public void ConfigureServices(IServiceCollection services)
        {
        }

        // This method gets called by the runtime. Use this method to configure the HTTP request pipeline.
        public void Configure(IApplicationBuilder app)
        {

           
            app.UseIISPlatformHandler();
              
            app.Run(async (context) =>
            {
                await context.Response.WriteAsync("Hello World!");
            });             
        }

        // Entry point for the application.
        public static void Main(string[] args) => WebApplication.Run(args);
    }

Adding a static page

If we follow along the Express.js workflow, I would now need to add the possibility to add a static file (index.html). And I would need to plug that in to the Startup.cs. And I would need to install the dependencies in a package.json sort of file:

And that is correct. There is a project.json file in the solution and I need to add a dependency to Microsoft.AspNet.StaticFiles. Add it like I did at line 10. (It has intellisense, cool!)

{
  "version": "1.0.0-*",
  "compilationOptions": {
    "emitEntryPoint": true
  },

  "dependencies": {
    "Microsoft.AspNet.IISPlatformHandler": "1.0.0-rc1-final",
    "Microsoft.AspNet.Server.Kestrel": "1.0.0-rc1-final",
    "Microsoft.AspNet.StaticFiles": "1.0.0-rc1-final"
  },

  "commands": {
    "web": "Microsoft.AspNet.Server.Kestrel"
  },

  "frameworks": {
    "dnx451": { },
    "dnxcore50": { }
  },

  "exclude": [
    "wwwroot",
    "node_modules"
  ],
  "publishExclude": [
    "**.user",
    "**.vspscc"
  ]
}

Now I can add an index.html file in wwwroot and edit Startup.cs. Delete everything in the Configure method and add 'app.UseStaticFiles();'.

 public void Configure(IApplicationBuilder app)
        {
            app.UseStaticFiles();
        }

Run the app and now this page is served:
aspnet5_3

 

 

 

 

But of course I don't want to type in the URI. I want the web app to server default files.
Then it seems I still need to add middleware to serve the index.html. Add 'app.UseDefaultFiles(); to the Configure method in Startup.cs:

public void Configure(IApplicationBuilder app)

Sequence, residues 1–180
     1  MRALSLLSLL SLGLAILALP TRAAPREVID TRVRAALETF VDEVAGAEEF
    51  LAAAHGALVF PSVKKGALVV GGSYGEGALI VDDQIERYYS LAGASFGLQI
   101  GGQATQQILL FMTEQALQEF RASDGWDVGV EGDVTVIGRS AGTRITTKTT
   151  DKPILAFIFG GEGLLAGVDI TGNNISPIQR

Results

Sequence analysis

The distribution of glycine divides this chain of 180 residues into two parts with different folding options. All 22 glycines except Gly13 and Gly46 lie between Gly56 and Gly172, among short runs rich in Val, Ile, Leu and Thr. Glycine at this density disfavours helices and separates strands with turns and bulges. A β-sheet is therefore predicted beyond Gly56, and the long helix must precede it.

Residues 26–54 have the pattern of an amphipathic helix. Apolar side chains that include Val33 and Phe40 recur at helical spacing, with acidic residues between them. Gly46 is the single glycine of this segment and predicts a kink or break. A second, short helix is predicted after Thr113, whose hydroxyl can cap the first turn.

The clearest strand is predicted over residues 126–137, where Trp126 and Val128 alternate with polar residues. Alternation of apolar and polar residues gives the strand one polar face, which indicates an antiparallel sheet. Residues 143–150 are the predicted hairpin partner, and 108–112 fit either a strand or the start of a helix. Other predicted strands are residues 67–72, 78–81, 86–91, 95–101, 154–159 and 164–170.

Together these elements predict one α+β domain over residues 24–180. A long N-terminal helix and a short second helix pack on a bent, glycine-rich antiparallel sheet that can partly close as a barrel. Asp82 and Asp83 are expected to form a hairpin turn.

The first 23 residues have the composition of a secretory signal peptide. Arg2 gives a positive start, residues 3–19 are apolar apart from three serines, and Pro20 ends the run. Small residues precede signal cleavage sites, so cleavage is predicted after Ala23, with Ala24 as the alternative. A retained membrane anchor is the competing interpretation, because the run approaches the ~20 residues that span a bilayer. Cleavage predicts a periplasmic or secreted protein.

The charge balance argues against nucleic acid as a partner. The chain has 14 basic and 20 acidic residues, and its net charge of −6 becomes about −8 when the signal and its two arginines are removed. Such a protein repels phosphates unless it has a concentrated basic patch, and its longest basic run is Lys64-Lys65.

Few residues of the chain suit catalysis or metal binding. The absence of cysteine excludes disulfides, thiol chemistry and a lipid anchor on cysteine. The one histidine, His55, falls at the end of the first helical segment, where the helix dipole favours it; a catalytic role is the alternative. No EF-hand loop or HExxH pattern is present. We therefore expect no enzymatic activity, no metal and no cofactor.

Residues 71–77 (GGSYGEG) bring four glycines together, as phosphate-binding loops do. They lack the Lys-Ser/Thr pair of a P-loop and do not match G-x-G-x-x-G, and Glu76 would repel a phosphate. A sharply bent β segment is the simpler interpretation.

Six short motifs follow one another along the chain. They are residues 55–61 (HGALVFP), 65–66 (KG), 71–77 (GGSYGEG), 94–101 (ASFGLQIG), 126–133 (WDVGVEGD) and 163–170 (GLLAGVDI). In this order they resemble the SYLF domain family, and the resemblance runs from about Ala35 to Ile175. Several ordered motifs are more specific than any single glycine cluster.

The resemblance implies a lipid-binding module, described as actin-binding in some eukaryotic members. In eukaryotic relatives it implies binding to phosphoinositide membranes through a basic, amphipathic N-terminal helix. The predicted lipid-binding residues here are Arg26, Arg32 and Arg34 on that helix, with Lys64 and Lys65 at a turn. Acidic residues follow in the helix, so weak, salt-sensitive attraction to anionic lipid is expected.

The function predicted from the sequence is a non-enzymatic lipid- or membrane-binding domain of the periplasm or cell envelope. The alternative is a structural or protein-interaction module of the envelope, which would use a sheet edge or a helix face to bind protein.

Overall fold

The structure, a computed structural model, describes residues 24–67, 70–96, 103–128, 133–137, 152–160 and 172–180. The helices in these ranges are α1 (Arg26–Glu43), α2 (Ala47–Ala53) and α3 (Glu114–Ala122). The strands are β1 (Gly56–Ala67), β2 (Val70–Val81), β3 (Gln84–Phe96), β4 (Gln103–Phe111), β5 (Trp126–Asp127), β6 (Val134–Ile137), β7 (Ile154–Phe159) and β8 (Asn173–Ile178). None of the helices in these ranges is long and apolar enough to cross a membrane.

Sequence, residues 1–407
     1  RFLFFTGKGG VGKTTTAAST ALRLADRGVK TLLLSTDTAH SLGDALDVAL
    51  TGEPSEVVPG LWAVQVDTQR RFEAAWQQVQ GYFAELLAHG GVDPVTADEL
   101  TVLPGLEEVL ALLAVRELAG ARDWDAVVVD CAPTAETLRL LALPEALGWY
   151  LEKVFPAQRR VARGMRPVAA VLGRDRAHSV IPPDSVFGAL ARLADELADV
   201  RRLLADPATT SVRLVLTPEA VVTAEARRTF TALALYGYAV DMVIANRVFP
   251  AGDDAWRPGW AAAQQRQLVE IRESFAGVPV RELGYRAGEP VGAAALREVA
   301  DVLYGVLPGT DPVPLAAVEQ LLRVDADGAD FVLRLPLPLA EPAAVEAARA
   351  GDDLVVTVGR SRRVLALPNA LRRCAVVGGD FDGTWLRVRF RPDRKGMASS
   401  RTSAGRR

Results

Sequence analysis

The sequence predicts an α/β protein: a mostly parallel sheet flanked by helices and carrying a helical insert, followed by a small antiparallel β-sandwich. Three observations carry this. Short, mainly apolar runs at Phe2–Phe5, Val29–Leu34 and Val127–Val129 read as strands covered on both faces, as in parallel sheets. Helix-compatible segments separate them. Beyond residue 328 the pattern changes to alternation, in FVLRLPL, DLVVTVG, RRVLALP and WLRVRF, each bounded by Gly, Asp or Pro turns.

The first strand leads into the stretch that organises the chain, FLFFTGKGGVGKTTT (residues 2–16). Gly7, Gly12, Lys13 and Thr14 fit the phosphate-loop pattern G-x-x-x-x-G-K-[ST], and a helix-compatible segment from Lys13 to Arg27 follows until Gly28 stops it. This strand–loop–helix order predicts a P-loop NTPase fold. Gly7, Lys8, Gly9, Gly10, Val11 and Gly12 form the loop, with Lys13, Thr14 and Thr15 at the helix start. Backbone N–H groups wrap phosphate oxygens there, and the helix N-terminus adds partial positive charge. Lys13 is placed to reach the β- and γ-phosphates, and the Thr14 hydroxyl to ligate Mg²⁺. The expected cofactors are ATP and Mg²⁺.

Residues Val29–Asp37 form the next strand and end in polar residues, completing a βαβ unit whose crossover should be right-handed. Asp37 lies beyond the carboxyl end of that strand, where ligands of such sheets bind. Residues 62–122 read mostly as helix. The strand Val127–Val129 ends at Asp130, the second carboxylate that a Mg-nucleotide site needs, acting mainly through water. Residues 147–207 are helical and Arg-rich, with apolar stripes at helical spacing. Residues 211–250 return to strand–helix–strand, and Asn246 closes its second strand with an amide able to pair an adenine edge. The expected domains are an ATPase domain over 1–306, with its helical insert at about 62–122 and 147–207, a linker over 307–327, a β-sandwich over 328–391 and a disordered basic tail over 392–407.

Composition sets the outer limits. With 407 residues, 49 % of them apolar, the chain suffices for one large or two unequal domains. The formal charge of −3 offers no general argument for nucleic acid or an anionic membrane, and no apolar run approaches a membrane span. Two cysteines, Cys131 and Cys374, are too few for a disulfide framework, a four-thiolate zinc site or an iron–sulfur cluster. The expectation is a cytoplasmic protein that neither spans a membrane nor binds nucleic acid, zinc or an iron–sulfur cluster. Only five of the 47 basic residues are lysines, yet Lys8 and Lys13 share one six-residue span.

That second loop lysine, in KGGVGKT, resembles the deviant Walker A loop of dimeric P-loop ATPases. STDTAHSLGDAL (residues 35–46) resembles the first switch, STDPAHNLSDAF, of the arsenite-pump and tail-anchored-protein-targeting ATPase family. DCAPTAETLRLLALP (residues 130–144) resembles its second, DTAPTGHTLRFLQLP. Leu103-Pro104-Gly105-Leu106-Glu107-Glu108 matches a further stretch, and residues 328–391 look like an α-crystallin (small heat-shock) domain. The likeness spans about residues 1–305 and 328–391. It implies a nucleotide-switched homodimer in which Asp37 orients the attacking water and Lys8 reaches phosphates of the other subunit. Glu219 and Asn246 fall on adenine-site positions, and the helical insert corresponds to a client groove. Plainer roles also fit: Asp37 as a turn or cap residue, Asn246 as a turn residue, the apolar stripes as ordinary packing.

{
            app.UseDefaultFiles();
            app.UseStaticFiles();
        }

You can find a great explanation here.

So great! That means I can go ahead and add Bootstrap and Angular and that I can write some serious api in C#.

BTW, if you want to know how Microsoft (and the community I must add) has envisioned an ASP.NET 5 web project, please try the MVC web app template.


Linked server #Back to Basics

Really back to basic, but here is another example how to move data from one server to the other in a scheduled job.

First make sure, when you use an sql account to connect both servers, the account exist on both ends of the line.

Now we create a linked server, after all my former tutorials, I don't have to go into detail, either script it or use SSMS gui, un this case I'm using it for a MSSQL to MSSQL this is easy peasy.

LS_make

Create a database and table if it doesn't exsist on the server you want to insert the data in.

If all is setup, write a simple INSERT INTO script:

INSERT INTO [FunFactory_II].[dbo].[Accounts_NAWT]
(AccountNumber]
,[Name]
,[Street]
,[PostalCode])
SELECT
[AccountNumber]
,[Name]
,[Street]
,[PostalCode]
FROM [FunFactory_I].[dbo].[BSN].[Accounts]

And the last step is to create a job, to start the import automatically and schedule it to run on a given time.

This is my really #back to basic linked server tutorial, but you can add and tweak functions into the script and built fully automated solutions for your data.

For example a scheduled sql job to insert data from the linked server.
insertIntoFF


Connect your Azure database from your local SSMS #Error 40615

Ofcourse we wanna access our fresh imported database on Azure locally!

And this is so easy if you just follow these simple steps.

In order to be able to access the database located on your Azure cloud, you have to know the Azure address, which you can find on the Windows Azure Management Portal. Click the database icon and open up the database. Here you will find the connectionstring.

azure_link

Next step is to make sure Azure knows your device by adding it to the trusted devices in Azure, if your device is unknow to Azure it will bring you the following message:1error-whenlocal_connection

you can add the device by going to the database icon in Azure and click the CONFIGURE tab. Here you add and save your device IP.2local_adTosavelist

Now you can login to your Azure cloud with the credentials you made while creating the database on Azure.
3Local_db connect